Tuesday, May 8, 2012

Chinese Immigrants in the United States

The first large group of Asian immigrants to the United States were the Chinese; they came under a contract labor system to work in farms, mines, railroads, and other dirty, dangerous, and demeaning work (Martin, 2011).  Between 1848 and 1882, an estimated 300,000 Chinese came to the United States, many borrowing large sums of money from others for their transport.  A Chinese immigrant’s decision to leave home was often based more on economics than on attraction toward religious or political freedoms offered by the United States (ThinkQuest, 2011).  They migrated to the United States to get away from natural disasters, crop failures, rapid population growth and conflicts, and competition from imported textiles from the Western countries in China (Martin, 2011).  However, these Chinese immigrants were generally denied the right of citizenship and many of them could not return to their home country due to the high cost of return transportation.  Unlike European immigrants, most Asian immigrants, including Chinese, settled initially on the West coast.

As noted earlier, the Chinese were the first group of Asian immigrants in the United States though they were denied the prospect of naturalization (See earlier discussion of the Naturalization Act of 1870).  In 1882, for the first time in the history of the United States, the Chinese Exclusion Act was passed barring a whole nationality from immigration to the United States (Martin, 2011; ThinkQuest, 2011).  However, the immigration door for Asian immigrants including Chinese opened again with the passage of the 1965 Immigration Reform Act where everyone was generally viewed as equal in the eyes of the U.S. law.

Due to the 1965 Immigration Reform Act, more than half of the new immigrants to the United States were from Latin America, and 25% from Asia (Nieto & Bode, 2010).   Moreover, the influx of Asian immigrants over the last three decades expanded the Asian American population in the United States from less than 1.5 million in 1970 to about 11 million in 2000 (Min, 1995; U.S. Census Bureau, 2009).  Many Asian immigrants continue to fall under the category of “voluntary” immigrants.  Ogbu (1991) theorized that regardless of race, voluntary minorities (those who willingly migrate to a country) are often more optimistic about the connection between hard work and success.  According to Ogbu, voluntary immigrants are motivated to succeed economically because of their faith in the American dream (Nieto & Bode, 2010).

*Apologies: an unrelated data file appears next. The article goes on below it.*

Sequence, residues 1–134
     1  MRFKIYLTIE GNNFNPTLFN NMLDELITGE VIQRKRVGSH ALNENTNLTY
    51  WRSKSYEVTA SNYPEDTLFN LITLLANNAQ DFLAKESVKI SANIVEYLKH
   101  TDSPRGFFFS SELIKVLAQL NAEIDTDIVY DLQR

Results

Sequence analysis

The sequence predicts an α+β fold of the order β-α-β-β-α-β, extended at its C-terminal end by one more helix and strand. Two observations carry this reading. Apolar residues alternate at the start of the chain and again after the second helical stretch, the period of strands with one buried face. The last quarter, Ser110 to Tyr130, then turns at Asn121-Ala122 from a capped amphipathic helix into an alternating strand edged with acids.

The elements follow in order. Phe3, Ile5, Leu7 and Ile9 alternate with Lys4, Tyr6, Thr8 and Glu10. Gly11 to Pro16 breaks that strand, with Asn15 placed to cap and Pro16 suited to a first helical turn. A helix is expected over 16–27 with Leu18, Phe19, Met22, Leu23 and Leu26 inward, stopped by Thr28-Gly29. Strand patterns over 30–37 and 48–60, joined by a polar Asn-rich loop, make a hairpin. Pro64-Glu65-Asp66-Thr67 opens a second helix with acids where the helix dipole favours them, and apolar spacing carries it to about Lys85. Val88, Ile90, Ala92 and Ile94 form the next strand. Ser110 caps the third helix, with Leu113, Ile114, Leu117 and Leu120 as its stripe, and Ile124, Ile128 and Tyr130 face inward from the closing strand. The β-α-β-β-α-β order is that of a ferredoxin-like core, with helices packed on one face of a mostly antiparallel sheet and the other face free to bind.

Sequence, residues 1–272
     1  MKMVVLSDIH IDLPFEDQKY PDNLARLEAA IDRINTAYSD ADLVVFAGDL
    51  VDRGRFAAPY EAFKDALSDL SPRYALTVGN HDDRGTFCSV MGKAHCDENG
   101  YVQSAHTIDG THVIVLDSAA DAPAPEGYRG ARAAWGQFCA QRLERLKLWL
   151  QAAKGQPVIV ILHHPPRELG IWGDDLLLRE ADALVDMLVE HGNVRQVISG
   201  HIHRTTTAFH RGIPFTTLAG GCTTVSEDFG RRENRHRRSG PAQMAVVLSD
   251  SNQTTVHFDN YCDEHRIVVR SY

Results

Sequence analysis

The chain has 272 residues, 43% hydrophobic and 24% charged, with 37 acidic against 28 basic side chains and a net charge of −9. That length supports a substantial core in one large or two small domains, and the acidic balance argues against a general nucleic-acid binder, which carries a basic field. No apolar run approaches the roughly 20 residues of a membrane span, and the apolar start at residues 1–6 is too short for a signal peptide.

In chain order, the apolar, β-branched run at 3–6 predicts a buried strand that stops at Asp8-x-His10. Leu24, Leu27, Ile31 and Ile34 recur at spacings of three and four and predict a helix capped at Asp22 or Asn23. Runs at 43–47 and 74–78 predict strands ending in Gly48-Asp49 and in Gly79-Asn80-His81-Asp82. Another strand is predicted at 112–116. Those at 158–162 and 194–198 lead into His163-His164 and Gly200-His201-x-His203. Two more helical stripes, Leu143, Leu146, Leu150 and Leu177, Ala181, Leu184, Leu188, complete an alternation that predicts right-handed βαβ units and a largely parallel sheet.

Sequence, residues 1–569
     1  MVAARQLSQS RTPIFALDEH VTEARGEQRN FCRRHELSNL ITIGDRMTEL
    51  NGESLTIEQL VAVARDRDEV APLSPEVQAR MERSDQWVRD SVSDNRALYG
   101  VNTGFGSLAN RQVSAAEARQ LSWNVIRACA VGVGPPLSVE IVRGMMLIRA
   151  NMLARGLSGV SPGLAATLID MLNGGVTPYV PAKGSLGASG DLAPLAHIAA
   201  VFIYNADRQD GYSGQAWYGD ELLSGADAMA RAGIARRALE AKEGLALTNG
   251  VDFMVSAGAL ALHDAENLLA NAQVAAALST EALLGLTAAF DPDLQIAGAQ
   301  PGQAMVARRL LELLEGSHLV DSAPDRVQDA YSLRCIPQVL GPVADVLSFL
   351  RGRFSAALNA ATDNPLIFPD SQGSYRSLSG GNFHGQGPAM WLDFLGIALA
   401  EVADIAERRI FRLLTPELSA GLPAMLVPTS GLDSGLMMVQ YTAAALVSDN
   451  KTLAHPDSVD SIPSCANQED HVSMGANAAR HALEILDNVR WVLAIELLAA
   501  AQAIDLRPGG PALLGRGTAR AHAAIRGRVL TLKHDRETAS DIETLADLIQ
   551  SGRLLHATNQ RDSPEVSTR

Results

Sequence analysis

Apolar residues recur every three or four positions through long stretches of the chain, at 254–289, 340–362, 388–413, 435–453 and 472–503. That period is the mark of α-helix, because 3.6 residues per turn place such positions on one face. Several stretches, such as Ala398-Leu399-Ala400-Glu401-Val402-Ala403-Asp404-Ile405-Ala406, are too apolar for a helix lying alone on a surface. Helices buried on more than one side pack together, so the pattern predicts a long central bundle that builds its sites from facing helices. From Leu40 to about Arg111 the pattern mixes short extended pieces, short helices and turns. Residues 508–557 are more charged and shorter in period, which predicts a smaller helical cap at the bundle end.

According to Suarez-­Orozco (2001) and Min (2004), many Asian immigrants earned some level of education from their home country prior to their immigration in the United States.  They further noted immigrants now, especially those from Asia, were among the best-educated and most skilled individuals in the United States.  This may be true since Asian Americans were generally confident about financial returns for their investment in education in the United States (Goyette & Xie, 1999).  Moreover, because of their marginal status in the U.S. society, Asian Americans of all ethnic groups may view education as the best means to overcome discrimination and other barriers to achieving high social status (Xie & Goyette, 1998).  This view was supported by Barringer, Takeuchi, and Xenos (1990) and Hirschman and Wong (1986); they suggest Asian American adults as a group attained more education than other minorities or native-­born Americans.

Though many college educated Asian immigrants have high earnings from professional and managerial occupations, many others struggle, trapped in low-­level service­‐related jobs (Min, 2004).  In other words, to claim that all Asian immigrants are doing well, socially and economically, in the United States is untrue.  As Suarez-­Orozco (2001) indicated, today’s immigrants in the United States are a highly heterogeneous group of peoples that defy easy generalizations.  This seems also true within and between Asian American groups.

Nonetheless, although there are significant differences within each major type of immigration, there is reason to believe that manual labor migrants, foreign professionals, entrepreneurial groups, and refugees share a number of characteristics with other immigrants.  In other words, immigrants from different nations, entering the United States as professionals and finding positions in their fields, tend to have more similar adaptation experiences than those typical of immigrant laborers from their respective countries (Portes & Rumbaut, 1996).  Therefore, immigrant groups generally share many similarities of their immigration experiences in the United States and these similarities may be more so within and between the Asian immigrant groups.  Within the Asian immigrant groups, there is a growing number of new immigrants who identify themselves as Tibetan immigrants. 

*This is an excerpt from my dissertation on, "Skills education for adult Tibetan immigrants in the United States: Identification, prioritization, resources, and challenges"

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